For the price, the Yoga 720 gives you a nice, crisp screen (even if the 1080p starting model isn’t ideal) as well as a nice and comfy keyboard and trackpad. The only caveat is the ports, which are limited to two USB 3.1 Type-C’s and one very pertinent USB 3.0 slot. Everything else, such as HDMI output and SD card fidgeting will have to be done using pricey adapters. Then again, if you’re living in the future and handling everything through the cloud, there’s a lot to love about the Lenovo Yoga 720.

Read the full review: Lenovo Yoga 720


Facebook Messenger wants to be buddy and business: but can it really be both?

Facebook Messenger is in an interesting stage of its existence, in the same week it launched a collection of fun Snapchat-style video add-ons and Discover, where you can find and communicate with businesses.

It makes sense for Messenger to be integrating businesses into the platform, as currently there doesn’t seem to be a way for Facebook to monetize the platform.

Our question is: is there room for both things to exist on the same platform? We were invited to a roundtable with David Marcus, head of Messenger for Facebook where we were able to discuss this with him.

“The experience itself works, it’s just the term is not compelling to consumers. You’d be hard pressed, even in the Discover surface of Messenger to find the term ‘bot’ because people want to interact with brands, with services, but not with bots, because they don’t know what that is.”

But we’re not sure we agree. We don’t think that people don’t want to talk to bots because they don’t know what they are; we think people don’t want to talk to bots because they aren’t yet developed enough that you can communicate with them naturally. Which makes the hiding of all references to bots feel a little suspect.

Who are you talking to?

Marcus was reticent to discuss exact numbers of users that are interacting with bots on Messenger, but he did tell us: “There are about 2 billion messages a month exchanged between businesses/services on Messenger. That number has doubled in a year, and that includes automation and human interaction.”

Clearly with the amount of interaction increasing at that rapid pace, there is a demand for someone (or something) to be handling that demand. And possibly a chatbot is the best way to go about it.

The problem is, we’re a long way from your standard brand bot in Messenger passing the Turing test. And what this means is that Messenger is in a place where you have dry, corporate conversations with an unnatural corporate chatbot at the same time as a frivolous video chat with your friends wearing a digital rabbit mask.

Marcus thinks that this disparity is not a problem: “I think this notion that people want to be serious on some platforms and fun on other platforms is pretty antiquated. You want to communicate. And of course, when you want to communicate with your bank, you’re not going to send them a pic of yourself with a rabbit mask.”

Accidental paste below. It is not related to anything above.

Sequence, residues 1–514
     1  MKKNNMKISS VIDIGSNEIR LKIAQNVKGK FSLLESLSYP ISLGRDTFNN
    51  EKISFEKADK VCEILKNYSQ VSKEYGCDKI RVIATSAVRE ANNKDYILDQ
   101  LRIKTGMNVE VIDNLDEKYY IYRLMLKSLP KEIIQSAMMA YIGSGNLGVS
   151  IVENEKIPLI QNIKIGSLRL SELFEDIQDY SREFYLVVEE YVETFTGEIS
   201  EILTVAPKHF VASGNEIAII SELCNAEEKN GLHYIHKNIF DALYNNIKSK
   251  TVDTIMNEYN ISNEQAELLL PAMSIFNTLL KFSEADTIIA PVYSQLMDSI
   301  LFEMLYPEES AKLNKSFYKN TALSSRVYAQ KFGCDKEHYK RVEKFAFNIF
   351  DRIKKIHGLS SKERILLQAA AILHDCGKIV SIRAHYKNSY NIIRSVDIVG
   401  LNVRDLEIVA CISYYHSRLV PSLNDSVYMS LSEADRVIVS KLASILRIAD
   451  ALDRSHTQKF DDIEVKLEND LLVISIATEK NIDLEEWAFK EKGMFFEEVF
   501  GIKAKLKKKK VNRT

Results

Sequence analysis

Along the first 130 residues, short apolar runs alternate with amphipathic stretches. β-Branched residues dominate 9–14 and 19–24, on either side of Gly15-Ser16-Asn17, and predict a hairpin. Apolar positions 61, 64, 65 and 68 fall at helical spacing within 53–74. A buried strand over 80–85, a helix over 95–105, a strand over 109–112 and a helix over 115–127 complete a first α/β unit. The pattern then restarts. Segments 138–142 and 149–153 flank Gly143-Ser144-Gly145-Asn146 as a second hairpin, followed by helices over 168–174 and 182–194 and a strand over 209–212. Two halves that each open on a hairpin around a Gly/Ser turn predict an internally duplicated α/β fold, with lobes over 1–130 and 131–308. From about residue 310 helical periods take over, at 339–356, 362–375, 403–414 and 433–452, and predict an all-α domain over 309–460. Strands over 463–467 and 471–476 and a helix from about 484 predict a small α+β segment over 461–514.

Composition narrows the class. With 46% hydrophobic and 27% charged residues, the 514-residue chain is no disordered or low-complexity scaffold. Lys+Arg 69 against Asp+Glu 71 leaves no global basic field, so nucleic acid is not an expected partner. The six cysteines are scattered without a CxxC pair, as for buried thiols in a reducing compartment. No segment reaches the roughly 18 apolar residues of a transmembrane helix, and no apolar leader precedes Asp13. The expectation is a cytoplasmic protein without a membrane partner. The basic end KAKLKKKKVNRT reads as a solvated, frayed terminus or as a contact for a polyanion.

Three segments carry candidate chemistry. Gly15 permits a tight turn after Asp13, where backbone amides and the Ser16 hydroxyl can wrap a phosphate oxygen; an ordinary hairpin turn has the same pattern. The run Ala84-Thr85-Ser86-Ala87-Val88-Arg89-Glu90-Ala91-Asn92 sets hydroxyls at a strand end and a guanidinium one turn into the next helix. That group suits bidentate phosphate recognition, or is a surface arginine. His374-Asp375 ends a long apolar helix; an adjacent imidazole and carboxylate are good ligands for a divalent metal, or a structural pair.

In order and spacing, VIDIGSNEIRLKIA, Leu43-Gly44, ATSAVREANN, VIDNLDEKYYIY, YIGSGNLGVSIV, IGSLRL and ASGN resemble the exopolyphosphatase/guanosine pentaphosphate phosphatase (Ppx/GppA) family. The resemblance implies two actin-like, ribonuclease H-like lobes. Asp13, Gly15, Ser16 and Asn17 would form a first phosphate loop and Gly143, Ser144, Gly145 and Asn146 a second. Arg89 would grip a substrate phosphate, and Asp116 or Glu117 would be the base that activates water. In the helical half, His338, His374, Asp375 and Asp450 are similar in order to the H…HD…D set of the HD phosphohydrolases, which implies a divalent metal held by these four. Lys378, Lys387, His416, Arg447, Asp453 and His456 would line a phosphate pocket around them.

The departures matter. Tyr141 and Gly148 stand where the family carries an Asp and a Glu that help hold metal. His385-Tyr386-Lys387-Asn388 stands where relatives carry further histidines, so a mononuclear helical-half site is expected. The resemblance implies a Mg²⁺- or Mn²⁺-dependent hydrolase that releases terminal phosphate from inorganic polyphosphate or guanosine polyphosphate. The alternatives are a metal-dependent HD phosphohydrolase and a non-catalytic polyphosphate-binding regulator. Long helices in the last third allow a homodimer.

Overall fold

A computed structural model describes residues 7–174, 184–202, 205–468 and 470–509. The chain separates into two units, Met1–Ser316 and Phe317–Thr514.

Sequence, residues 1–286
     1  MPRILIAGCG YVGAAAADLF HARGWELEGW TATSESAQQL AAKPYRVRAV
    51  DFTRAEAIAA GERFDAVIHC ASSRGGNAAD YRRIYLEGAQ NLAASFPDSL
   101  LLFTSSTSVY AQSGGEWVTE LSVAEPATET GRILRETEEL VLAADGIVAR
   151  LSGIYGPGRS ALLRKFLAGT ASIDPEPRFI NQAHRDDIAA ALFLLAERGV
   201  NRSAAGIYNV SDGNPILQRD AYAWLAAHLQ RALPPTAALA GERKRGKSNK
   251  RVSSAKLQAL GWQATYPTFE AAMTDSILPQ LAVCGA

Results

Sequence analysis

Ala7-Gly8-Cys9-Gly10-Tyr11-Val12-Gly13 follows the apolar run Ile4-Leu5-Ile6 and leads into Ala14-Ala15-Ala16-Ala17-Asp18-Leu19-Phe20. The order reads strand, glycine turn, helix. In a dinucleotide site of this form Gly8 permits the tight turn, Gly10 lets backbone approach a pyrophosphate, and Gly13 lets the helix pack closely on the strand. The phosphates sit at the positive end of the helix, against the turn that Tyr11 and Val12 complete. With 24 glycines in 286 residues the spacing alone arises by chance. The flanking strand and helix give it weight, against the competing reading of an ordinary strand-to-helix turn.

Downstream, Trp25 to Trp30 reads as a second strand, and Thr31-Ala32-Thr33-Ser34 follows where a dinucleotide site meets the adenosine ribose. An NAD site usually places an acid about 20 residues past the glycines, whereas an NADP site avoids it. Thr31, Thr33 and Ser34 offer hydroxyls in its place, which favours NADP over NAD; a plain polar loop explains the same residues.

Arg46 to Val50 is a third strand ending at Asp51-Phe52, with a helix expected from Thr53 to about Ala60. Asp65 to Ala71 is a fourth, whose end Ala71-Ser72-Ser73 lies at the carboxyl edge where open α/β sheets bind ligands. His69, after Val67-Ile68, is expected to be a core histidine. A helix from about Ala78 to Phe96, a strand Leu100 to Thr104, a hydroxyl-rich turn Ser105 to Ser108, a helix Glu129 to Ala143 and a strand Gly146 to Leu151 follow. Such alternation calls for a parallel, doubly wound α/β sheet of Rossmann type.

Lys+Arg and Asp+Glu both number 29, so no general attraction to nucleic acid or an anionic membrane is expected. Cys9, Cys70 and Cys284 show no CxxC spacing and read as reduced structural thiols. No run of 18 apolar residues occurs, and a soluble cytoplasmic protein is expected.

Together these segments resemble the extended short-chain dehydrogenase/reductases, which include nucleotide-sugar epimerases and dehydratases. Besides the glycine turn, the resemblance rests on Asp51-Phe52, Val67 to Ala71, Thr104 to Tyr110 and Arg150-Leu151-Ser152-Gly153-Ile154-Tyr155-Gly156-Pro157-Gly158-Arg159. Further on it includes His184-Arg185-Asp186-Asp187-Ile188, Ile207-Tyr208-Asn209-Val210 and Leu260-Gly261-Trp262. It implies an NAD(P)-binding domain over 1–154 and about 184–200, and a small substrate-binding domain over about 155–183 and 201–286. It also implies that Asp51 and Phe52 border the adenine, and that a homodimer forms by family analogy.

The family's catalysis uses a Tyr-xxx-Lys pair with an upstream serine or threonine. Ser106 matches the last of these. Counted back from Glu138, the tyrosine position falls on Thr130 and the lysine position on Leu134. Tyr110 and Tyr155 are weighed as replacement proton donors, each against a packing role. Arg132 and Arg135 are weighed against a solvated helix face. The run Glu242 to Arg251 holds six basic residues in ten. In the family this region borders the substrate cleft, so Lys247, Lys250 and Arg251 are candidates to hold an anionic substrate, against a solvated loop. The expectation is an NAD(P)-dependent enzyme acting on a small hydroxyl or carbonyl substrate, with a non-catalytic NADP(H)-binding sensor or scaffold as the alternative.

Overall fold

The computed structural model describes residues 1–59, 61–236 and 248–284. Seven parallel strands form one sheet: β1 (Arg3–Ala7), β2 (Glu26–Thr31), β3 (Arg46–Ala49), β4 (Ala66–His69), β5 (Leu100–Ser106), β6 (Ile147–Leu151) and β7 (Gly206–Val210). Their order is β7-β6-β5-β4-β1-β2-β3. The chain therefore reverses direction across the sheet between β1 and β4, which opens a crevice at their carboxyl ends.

Digital Jekyll and Hyde

“The same way that you as a person can walk in a bank branch and be very serious and have a conversation,” Marcus continued, “and then go to the pub and goof around with friends. You’re still the same person, you just interact differently in different situations. We think the same is true in your digital life.”

And to a certain extent he’s right. In a browser window you can go from online banking to trawling Reddit with the click of a button, but that feels different somehow. Perhaps it’s to do with branding.

Messenger feels like a tool, and if you can’t tell if a tool is a hammer or a whisk, are you going to use it for either function?

This isn’t the first time that a company has tried to bridge the gap between fun and financial; Blackberry’s Messenger BBM tries to tread this line, and it has never fully managed to make it work while gaining the popularity of Messenger of WhatsApp.

Facebook does manage to be sprawling enough as a platform that it can handle a diverse range of content, so perhaps it is the best company to try and make this diverse Messenger work.

Discover has only just launched in the US, and will be launching worldwide in the not-too distant future, so we probably have a little while to wait before we can get an accurate gauge of how successful it is.


Nifty MacBook trackpad accessory adds a full number pad to your laptop

Number pads are handy in computing, but when it comes to laptop keyboards, there’s rarely space for them – heck, even some desktop keyboards (tenkeyless) do away with them these days. However, a new Kickstarter is offering a nifty innovation on this front by bringing number pad functionality to the MacBook.

Or more specifically, to the MacBook’s trackpad. Nums is essentially a thin sliver of glass which is crafted to fit exactly on top of your MacBook’s trackpad, and it’s overlaid with a full number pad grid – including a host of extra calculator buttons.

Once fitted on the trackpad, you just need to install and fire up the companion app, then you can use the full range of number pad functionality. Plus the good news is that the glass film (which is 0.26mm thick) doesn’t affect the normal use of your trackpad.